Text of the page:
Republicans: ‘That’s Not How It Works . . .’
(For the use of the membership only.)
“Like the mandarins of old, these officials are well-educated, well-mannered, well-intentioned and wrong.” — Dan Hannan in the Dec. 8, 2014, Washington Examiner
by Craig Ladwig
Republican officeholders are one thing. Republican voters are another. That was made clear this week as the U.S. House voted to fund everything that the November electorate opposed. But the really bad news is that things are no better in “conservative” Indiana.
Here is a report from our man covering the political doings in Indianapolis:
“The Chamber of Commerce trotted out its Big Business agenda in a Big Law meeting space to the cheers of Big Government Republicans. Among the Chamber’s legislative proposals: redistribution of tax revenues from frugal, well-managed municipalities to irresponsibly governed ones; a commuter tax (another Obamalike redistribution plan); full funding of statewide pre-K public education; full funding of mandatory, full-day kindergarten; new taxes to fund a billion-dollar mass-transit boondoggle; bigger incomes for lobbyists, engineers, contractors, bond lawyers and other contributors to Chamber-endorsed, government-enhancing, free-spending lawmakers.”
This, please know, has not come upon us suddenly. Some years ago, an officer of this foundation spent an afternoon with a businessman seeking political office, as bright and as earnest a Republican candidate for whom one could hope. His enthusiasm for public service, however, revolved around a plan to build “public-private partnerships” throughout Hoosierdom.
Our man felt compelled to object that there was no such a thing. What the aspirant referred to as “public” was in reality the government, and what was meant by “private” was simply the economy. Understood thus, there could be no “partnership” in the context of modern economics — water and oil, oil and water.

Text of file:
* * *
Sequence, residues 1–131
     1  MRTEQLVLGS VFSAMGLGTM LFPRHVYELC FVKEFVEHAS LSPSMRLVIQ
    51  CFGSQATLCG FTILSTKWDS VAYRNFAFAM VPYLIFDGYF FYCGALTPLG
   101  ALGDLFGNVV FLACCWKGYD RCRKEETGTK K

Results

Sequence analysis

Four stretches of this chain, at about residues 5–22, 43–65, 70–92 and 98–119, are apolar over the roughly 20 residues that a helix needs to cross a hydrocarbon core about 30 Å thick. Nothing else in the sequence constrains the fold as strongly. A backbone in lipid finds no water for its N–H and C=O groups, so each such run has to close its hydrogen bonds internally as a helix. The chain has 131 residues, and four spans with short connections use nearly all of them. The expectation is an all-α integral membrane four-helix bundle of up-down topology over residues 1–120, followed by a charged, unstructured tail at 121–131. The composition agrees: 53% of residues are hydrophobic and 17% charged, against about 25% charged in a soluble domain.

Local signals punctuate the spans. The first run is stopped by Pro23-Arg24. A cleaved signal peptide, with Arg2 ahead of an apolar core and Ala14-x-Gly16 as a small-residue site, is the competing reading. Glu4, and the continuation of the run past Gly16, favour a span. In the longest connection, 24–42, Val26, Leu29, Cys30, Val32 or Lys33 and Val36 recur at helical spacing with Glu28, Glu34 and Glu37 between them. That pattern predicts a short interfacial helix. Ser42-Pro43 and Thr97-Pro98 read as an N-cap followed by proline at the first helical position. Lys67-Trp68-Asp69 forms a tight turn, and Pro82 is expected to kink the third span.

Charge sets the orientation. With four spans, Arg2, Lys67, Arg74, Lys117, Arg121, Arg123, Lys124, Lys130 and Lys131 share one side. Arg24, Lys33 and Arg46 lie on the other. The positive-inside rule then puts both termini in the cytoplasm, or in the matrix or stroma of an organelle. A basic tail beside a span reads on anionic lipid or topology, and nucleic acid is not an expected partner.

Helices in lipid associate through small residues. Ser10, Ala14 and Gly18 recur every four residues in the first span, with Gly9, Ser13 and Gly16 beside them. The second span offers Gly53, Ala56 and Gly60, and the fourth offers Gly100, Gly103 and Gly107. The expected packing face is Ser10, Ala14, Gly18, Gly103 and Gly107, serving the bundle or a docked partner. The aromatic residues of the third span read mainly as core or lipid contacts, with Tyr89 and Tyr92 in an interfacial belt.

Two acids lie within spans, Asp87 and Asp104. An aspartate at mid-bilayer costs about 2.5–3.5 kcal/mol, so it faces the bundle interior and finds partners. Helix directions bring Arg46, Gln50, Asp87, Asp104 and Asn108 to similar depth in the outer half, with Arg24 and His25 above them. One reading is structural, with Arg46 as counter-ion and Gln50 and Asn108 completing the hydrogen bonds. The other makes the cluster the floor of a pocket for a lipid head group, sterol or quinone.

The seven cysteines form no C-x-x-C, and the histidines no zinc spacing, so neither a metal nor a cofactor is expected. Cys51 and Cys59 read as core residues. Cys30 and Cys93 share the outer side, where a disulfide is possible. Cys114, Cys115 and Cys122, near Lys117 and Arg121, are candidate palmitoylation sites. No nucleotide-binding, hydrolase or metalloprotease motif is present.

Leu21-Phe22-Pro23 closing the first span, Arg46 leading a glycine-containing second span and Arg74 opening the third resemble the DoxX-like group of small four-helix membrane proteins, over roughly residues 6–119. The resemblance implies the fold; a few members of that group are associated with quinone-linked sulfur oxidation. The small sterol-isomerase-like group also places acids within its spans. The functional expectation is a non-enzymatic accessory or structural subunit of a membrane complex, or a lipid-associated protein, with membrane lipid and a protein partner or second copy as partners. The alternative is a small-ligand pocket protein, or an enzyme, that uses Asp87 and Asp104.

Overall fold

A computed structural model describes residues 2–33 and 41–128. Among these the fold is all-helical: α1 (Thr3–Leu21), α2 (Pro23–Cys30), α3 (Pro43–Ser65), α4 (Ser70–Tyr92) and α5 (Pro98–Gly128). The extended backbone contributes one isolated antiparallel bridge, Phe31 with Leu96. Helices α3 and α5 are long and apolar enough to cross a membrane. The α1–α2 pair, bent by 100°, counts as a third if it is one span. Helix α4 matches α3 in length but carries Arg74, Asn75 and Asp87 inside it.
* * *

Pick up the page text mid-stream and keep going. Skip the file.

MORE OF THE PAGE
That disappointing conversation came to mind watching the Esurance television commercial in which the clueless Aunt Beatrice announces to her friends that she is saving time by “posting” vacation pictures on her living room “wall.”
“That’s not how it works,” a friend tries to correct her, “That’s not how any of this works.”
In the case of a public-private partnership, it hasn’t worked the Chamber’s way for 1,000 years — at least it hasn’t worked that way favorably. Our Anglo-Saxon law, as opposed to the Roman or Napoleonic law institutionalized in continental Europe and most of the rest of the world, is designed specifically to ensure that there is no such public-private partnership.
In putting absolute principles such as the right of property and the sanctity of contract above the king or executive, Common Law meant to give ultimate authority to the private. Our law, then, is based on the premise that anything not expressly prohibited is legal. Elsewhere, including, alas, urban centers in America, it is the opposite. Nothing there happens unless a “partnership” with the government can somehow be formed.
But spend some time on the website of that great GOP hope, the Indiana Economic Development Corporation. The anecdotal success stories trumpeted there are peppered with testimony that progress would not have occurred had it not been for government’s approving hand — a claim that makes no sense without the assumption that there is the tacit or actual permission of officialdom.
Imagine the advantage for a city, state or nation in which the entrepreneur (the private) doesn’t have to wait for the government (the public) to legalize, fund or even encourage economic growth.
Why, dare it be asked, would an entrepreneur choose a political administration’s self-aggrandizing vision, even a Republican one, over a vision entirely independent of politics and government? Or why, if there were no other choice, would the entrepreneur take the risk at all — in resources, energy or heart?
Well, in fact, fewer do.
The Bureau of Labor Statistics tracks American entrepreneurship, which has been in a slide since about the time that public-private partnerships first became the rage in our cities and states. That is true in: a) number of establishments less than a year old; b) number of jobs created by those establishments; c) survival rates of those establishments; and d) the percent of distribution of small firms versus large ones.
It is what happens, Chamber endorsements or not, when you put your hope in people who make their living getting elected to office. Like dotty Aunt Beatrice, they don’t know how it works, how any of it works.
Craig Ladwig is editor of the quarterly Indiana Policy Review.